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From malignant mutations to malignant domains: the continuing search for prognostic significance in the mutant genes causing hypertrophic cardiomyopathy
  1. S L Van Driest1,
  2. B J Maron2,
  3. M J Ackerman1,*
  1. 1Department of Molecular Pharmacology and Experimental Therapeutics, Mayo Clinic College of Medicine, Rochester, Minnesota, USA
  2. 2The Hypertrophic Cardiomyopathy Center, Minneapolis Heart Institute Foundation, Minneapolis, Minnesota, USA
  1. Correspondence to:
    Michael J Ackerman
    MD, PhD, Sudden Death Genomics Laboratory, Mayo Clinic College of Medicine, 200 First Street SW, Guggenheim 501, Rochester, MN 55905, USA;


The genetic causes of hypertrophic cardiomyopathy are diverse and thus present challenges in the development of genetic tests to identify patients at risk

  • hypertrophic cardiomyopathy
  • genetics
  • β myosin heavy chain gene

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Hypertrophic cardiomyopathy (HCM) is a disease of profound clinical heterogeneity.1 Presentation and clinical course range from normal longevity with no or few symptoms, to severe disability at any age, or sudden cardiac death most commonly in the young. The genetic causes of HCM are diverse, with well over 200 mutations in 10 sarcomeric genes reported for this autosomal dominant disease.1

Research efforts have focused on correlating the genetic causes of HCM with the expressed phenotypes and prognosis, with the aspiration of formulating a genotype based risk stratification strategy. Specifically, in the β myosin heavy chain gene (MYH7), certain mutations were associated with normal life expectancy, whereas others were reported to decrease survival because of sudden arrhythmic death or heart failure.2–7 Such mutations in MYH7 and in other HCM-causing genes have been designated in the literature as either “benign” or “malignant”. It has also been suggested that charge-changing amino acid substitutions may be associated with more severe disease.2,8 However, by analysing a large consecutively accessed cohort of unrelated individuals, we have reported that mutations previously designated as “benign” or “malignant” are particularly uncommon in the HCM population and are also of uncertain prognostic significance.9,10 Nevertheless, identification of high risk HCM patients has recently become particularly pertinent, given the application of the implantable cardioverter-defibrillator to this disease for the primary prevention of sudden death.11,12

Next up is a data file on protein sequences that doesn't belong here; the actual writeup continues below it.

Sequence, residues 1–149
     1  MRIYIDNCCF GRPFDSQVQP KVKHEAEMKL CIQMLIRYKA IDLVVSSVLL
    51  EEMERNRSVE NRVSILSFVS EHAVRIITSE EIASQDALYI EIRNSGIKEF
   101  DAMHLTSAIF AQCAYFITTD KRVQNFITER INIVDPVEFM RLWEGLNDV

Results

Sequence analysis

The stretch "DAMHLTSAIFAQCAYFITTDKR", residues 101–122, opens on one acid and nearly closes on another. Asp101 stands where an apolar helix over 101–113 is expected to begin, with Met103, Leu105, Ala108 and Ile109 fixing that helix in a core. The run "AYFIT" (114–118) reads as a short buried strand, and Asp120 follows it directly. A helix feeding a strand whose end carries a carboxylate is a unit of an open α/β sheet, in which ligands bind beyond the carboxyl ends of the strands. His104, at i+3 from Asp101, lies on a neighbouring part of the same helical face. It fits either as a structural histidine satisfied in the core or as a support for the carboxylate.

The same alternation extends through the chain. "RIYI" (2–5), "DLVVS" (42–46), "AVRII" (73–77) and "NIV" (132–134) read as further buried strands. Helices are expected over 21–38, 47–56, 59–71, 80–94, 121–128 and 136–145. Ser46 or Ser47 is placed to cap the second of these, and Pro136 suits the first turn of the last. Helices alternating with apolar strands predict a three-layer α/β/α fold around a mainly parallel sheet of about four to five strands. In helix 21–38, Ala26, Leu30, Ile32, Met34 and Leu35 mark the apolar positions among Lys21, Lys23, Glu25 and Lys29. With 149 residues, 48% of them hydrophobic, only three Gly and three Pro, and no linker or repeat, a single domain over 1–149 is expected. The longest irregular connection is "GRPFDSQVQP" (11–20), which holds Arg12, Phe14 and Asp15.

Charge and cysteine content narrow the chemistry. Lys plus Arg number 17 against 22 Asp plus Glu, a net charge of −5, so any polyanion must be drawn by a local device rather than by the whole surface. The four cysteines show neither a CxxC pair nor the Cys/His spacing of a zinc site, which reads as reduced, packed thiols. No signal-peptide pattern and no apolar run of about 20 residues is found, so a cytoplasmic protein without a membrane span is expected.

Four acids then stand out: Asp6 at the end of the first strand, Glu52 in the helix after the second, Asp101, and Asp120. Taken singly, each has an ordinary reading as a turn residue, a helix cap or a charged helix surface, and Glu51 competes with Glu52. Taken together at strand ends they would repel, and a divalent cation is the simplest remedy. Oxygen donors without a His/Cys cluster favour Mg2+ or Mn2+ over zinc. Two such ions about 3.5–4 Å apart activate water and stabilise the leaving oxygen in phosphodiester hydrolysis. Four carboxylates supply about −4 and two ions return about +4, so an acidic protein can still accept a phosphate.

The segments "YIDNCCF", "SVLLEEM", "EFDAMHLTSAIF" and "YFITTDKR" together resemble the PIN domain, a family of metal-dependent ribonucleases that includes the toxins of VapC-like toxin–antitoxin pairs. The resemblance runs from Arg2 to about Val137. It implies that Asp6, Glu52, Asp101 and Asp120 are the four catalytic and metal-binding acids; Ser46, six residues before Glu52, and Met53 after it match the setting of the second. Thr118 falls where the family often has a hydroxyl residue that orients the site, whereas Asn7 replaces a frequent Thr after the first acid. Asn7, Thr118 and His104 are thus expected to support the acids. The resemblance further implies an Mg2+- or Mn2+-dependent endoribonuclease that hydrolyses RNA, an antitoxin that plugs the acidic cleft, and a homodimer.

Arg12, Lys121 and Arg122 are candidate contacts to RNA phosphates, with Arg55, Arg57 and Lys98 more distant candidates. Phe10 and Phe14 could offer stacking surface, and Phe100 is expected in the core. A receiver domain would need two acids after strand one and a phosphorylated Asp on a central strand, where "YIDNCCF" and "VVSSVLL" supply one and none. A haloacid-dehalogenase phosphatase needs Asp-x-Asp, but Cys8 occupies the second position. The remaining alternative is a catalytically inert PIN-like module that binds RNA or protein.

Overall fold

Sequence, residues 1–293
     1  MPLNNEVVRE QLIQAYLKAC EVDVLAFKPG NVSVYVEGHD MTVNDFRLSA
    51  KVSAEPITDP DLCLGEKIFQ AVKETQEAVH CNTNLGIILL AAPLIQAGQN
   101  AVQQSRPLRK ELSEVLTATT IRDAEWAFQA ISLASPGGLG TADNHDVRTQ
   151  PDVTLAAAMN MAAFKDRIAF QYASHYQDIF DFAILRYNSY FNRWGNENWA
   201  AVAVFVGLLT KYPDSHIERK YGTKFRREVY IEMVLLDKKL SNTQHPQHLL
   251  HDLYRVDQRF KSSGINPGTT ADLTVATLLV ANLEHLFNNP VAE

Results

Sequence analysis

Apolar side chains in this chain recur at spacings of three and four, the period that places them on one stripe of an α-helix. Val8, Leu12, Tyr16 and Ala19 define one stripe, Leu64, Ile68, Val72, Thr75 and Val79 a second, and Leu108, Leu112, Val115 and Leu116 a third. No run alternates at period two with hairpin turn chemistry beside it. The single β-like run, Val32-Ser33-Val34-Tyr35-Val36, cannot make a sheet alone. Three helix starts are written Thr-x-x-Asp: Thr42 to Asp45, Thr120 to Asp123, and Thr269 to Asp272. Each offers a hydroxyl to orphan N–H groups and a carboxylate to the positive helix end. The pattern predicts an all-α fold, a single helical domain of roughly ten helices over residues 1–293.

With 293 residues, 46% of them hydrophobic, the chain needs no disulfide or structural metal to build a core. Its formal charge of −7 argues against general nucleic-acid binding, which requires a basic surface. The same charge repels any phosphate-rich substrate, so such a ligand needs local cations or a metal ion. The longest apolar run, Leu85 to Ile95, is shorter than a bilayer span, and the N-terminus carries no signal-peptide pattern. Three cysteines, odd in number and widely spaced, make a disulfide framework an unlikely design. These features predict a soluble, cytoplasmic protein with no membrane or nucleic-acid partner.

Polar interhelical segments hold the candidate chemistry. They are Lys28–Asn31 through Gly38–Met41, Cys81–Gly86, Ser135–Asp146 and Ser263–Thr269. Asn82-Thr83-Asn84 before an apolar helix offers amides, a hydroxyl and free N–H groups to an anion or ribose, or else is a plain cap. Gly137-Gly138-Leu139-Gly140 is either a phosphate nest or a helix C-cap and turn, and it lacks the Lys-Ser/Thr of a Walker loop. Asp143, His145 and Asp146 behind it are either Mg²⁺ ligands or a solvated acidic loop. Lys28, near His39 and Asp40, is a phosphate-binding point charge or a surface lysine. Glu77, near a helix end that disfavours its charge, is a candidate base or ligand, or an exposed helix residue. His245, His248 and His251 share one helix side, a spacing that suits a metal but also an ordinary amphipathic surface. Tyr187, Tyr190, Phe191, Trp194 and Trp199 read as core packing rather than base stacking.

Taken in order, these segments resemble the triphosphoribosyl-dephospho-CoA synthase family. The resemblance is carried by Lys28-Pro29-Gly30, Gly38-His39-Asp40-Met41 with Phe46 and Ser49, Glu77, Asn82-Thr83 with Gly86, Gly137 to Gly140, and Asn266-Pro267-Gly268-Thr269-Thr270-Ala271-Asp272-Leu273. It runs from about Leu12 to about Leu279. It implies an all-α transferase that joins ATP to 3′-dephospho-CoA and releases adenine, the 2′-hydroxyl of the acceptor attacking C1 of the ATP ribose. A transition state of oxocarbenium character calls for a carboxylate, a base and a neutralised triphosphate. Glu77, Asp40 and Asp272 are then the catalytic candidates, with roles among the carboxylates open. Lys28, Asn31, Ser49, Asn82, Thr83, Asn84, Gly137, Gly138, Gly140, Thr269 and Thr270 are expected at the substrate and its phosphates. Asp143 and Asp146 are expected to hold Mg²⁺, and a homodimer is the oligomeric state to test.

The β myosin heavy chain is a component of the sarcomere with well characterised structure and function.13 Within the cardiac muscle cell, hydrolysis of ATP by the globular myosin head causes movement of myosin filaments relative to actin. As a result of this “ratcheting” motion of myosin, the sarcomere shortens, and heart muscle contracts. The specific amino acid residues that bind ATP and actin have been defined, as well as those at the flexible head–rod junction. HCM-causing mutations are clustered around these three sites, as well as in the binding site for the essential light chain and in the rod portion of the protein filament.13,14


In a recent issue of Heart, Woo and colleagues15 used their knowledge of the structure and function of myosin to assess the relation between clinical outcome from HCM and disease-causing mutations clustered in specific functional domains. The authors screened the first 23 (of 38) protein coding exons of MYH7 in 70 largely consecutive HCM patients. Eleven distinct mutations were identified in 15 probands. Next, they analysed the clinical and genetic status of family members of those patients identified with MYH7 mutations, and then related prognosis to the functional domain affected by the MYH7 mutation in 74 genetically affected probands and relatives.

Specifically, the 11 missense mutations were classified according to affected functional domain (active site for ATP hydrolysis, actin binding site, or head–rod junction) as well as to the type of amino acid substitution—that is, conservative (maintaining the same charge on the residue) versus non-conservative (altering the charge). Two subgroups of mutations emerged from the analysis with significantly reduced survival: non-conservative mutations of the ATP hydrolysis active site, and non-conservative mutations of the head–rod junction. Therefore, the data of Woo and colleagues15 suggest that HCM patients with mutations affecting two specific functional domains are at increased risk for adverse outcome, and the specific functional domain affected by an MYH7 mutation could be regarded as a potential risk marker.